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Don't Pay campaign calls on Sheffield to refuse to pay its energy bills

Activists want one million people across the UK to take matters into their own hands if prices soar in October.

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Energy bills for the average Sheffield household are expected to rise to £3,363 in October.

Rachel Rae Photography

Stickers have appeared across Sheffield urging residents of the city to refuse to pay their energy bills from October if the price cap is raised again.

The Don't Pay campaign want at least one million households across the UK to cancel their Direct Debits on the day energy prices are expected to skyrocket. The group, who are remaining anonymous for fear of repercussions, say they want energy companies to reduce bills to an affordable level in response to the cost-of-living crisis.

"Even if a fraction of those of us who are paying on credit meters withhold our payments, it will be enough to put energy companies in serious trouble, and they know this," say the campaign on their website.

"We want to bring them to the table and force them to end this crisis."

Activists behind the project have drawn parallels with the Poll Tax in the early 1990s, which saw millions of people withhold payment to protest a Margaret Thatcher policy widely seen as unjust.

At the time, more than 17 million people refused to pay the new regressive flat-rate tax, in a move widely seen as a contributing factor to the downfall of Thatcher's government.

Set by central government, the energy price cap limits how much domestic suppliers (who don't actually generate any electricity) can charge consumers for gas and electricity. The cap was raised to a record high in April by energy regulator Ofgem, with consumers now paying an average of £1,971 a year for energy compared to £1,277 in March 2021.

This is predicted to jump to a massive £3,244 a year in October and could climb even further, to £3,363, when the cap is next reviewed in January.

But the government set the price cap themselves through Ofgem (a government agency), and could force the energy giants to take on the increase in wholesale prices instead of households. The big energy companies such as Shell and BP could also choose not to raise prices in-line with the cap, instead absorbing costs during a cost-of-living crisis.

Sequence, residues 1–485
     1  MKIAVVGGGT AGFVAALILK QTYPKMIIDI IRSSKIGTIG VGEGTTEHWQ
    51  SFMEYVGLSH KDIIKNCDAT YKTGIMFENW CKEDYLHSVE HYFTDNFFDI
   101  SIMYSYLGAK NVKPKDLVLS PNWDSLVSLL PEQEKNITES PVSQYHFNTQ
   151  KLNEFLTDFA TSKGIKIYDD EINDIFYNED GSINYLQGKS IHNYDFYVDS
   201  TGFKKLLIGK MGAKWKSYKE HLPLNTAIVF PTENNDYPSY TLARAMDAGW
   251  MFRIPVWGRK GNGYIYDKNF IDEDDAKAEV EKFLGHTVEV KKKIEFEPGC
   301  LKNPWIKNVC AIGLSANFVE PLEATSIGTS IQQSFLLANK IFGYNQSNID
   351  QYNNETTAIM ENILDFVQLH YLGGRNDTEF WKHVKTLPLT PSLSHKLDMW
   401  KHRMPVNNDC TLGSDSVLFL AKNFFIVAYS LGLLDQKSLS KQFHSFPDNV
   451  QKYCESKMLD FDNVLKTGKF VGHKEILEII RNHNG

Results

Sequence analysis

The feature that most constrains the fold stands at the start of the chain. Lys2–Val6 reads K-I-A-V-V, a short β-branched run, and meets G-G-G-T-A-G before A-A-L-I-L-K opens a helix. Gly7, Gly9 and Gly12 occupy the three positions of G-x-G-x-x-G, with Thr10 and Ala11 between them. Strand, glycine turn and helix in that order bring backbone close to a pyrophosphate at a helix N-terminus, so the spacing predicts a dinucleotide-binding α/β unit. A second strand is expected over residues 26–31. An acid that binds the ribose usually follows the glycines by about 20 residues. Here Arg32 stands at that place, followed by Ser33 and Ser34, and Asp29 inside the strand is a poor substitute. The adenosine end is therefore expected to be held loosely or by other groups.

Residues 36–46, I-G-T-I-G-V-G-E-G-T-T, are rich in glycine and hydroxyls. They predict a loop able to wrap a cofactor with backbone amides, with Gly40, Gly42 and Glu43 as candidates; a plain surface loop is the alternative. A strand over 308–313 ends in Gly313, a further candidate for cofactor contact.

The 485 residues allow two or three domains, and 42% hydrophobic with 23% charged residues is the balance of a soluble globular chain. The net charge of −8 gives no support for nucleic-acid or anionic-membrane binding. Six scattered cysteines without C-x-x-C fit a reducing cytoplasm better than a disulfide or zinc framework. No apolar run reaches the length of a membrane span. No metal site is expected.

"On 1 October, if the government and big energy companies have not reduced our bills to an affordable level and if we have critical mass pledged to cancel their bills, we all cancel them on the same day," say the campaign.

"It can only work if we believe in each other and show the powers that be that we would not stand for being treated as cash cows."

If one million households refuse to pay their bills from 1 October, activists say the energy companies could stand to lose £230 million a month – and this could add up to £1 billion by the end of the winter.

Such a co-ordinated campaign would make it extremely difficult for energy suppliers to cut customers off from their supply on the grounds of non-payment. Rules governing the industry mean companies have to follow a long process before disconnecting anyone, which would be impractical if enough people take part (in 2018, only eight people in the UK were disconnected this way).

Don't Pay say that they'll only go ahead with the payment strike if enough people sign up to take part, as this will "cause paralysis and create a months-long backlog" in the system.

"Millions of people simply aren't able to afford their bills already, and millions more won't be able to when prices rise again as we head into winter," say the campaign.

"The cost of living crisis is affecting millions of us and in multiple different ways – but we're all linked by rising energy prices."

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